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A Listener Letter

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I appreciated your most recent White Horse Inn episode. I recently went to a LifeWay Bookstore to purchase Calvin's Institutes of the Christian Religion. Lifeway had nothing by Calvin. I went next door to Barnes and Noble and they had a copy! It's a shame that a secular bookstore has more theology than a Christian bookstore.

-Mike N.

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  • Guest - Kristin

    Just so you know, LifeWay does carry books by Calvin. This may have been a matter of this store not having any in stock. But a majority of LifeWay Christian Stores do carry this book. I would recommend asking a clerk if you can not find the book you are looking for. If they are out of stock or do not have that particular title, they may be able to order it for you.

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  • Guest - Ryan Groene

    The closest Christian bookstore to my house is called Servant's Heart, and the last time I went there, I think I do remember seeing a copy of Calvin's institutes (can't remember if it was abridged). Still, I had gone there to look for Tim Keller's book The Prodigal God and did not find it there, though I did later find it at Barnes and Nobles (or was it Borders? I can't remember.) Anyway, I found that rather surprising as I would not have thought that Keller's books would be that controversial amongst evangelicals.

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  • Guest - Joshua

    Oh wow... the same exact thing happened to me. I got *my* copy of Calvin's Institutes at B&N, but I couldn't find it at Lifeway. So I'm not the only one who notices this.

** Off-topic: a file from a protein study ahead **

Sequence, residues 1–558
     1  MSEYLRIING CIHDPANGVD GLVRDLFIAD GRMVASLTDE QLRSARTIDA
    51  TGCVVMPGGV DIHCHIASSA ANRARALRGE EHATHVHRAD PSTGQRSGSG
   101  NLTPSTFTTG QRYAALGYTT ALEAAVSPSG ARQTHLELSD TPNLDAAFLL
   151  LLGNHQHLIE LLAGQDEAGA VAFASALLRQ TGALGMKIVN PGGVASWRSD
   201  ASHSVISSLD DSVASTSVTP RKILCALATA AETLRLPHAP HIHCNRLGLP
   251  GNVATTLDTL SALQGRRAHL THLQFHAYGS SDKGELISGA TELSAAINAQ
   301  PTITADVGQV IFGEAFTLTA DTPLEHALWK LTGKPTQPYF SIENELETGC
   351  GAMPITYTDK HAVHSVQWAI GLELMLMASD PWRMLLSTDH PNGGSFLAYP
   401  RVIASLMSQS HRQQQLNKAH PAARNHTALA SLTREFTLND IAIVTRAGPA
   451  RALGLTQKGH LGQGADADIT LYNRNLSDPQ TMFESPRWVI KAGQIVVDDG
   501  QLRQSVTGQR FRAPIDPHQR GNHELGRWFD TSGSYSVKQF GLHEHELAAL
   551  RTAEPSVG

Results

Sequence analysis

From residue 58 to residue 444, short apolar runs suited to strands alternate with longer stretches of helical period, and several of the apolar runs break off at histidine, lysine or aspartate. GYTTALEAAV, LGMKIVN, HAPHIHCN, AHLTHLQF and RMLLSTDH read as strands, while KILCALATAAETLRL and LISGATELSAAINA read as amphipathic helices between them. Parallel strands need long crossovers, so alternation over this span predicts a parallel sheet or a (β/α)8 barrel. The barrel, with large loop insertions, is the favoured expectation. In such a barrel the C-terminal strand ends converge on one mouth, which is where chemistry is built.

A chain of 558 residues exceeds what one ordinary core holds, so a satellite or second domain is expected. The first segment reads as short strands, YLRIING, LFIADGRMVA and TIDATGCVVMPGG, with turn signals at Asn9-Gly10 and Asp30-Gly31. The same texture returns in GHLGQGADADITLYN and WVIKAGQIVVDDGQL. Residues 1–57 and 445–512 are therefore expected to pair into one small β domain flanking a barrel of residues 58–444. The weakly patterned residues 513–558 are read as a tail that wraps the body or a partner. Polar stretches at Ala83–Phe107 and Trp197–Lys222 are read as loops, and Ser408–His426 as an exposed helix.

That just ain't right.

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  • Guest - Scott A. Treloar


    I was a road representative for many years - I sold Christian books to many of the Christian bookstores - mostly independent stores. I sold Reformed and Non-Reformed books. I did this for thirteen years and also worked in Christina bookstores like Berean, Joshua's (now owned by Family Christian Stores), and independents, too.

    The "sacrificial," buying that you are suggesting bookstores make is naive. Where is the sacrificial purchasing by Christians - especially Reformed ones? Why does it always fall on the store owners, most of whom are not getting wealthy and ARE sacrificing to provide our communities with a Christian bookstore that is not denominationally based and could serve the whole Church?

    The fact is that they carry the products for their CUSTOMERS. Give up McDonald's or Starbucks for a day and pay the regular price on a book instead of purchasing online or at a secular bookstore and you may just find that you will have a robust Reformed section in your store. Economics is about supply and demand. We cannot demand Reformed books and then not supply our resources to support it. It is poor stewardship for them to carry books nobody buys - and also bad business.

    They carry curriculum and other materials in these stores and everybody browses but nobody purchases. Instead they use the store for display purposes only, just to end up going on the internet to save money not considering the consequences of such decisions. Maybe it is cheaper and maybe it is more convenient but consider the sacrifice the store owner makes to employ local people, support local ministries, and to serve us, while keeping the tax revenue in our towns. Now consider your own sacrifice and how you can support them in their attempt to give you what you want.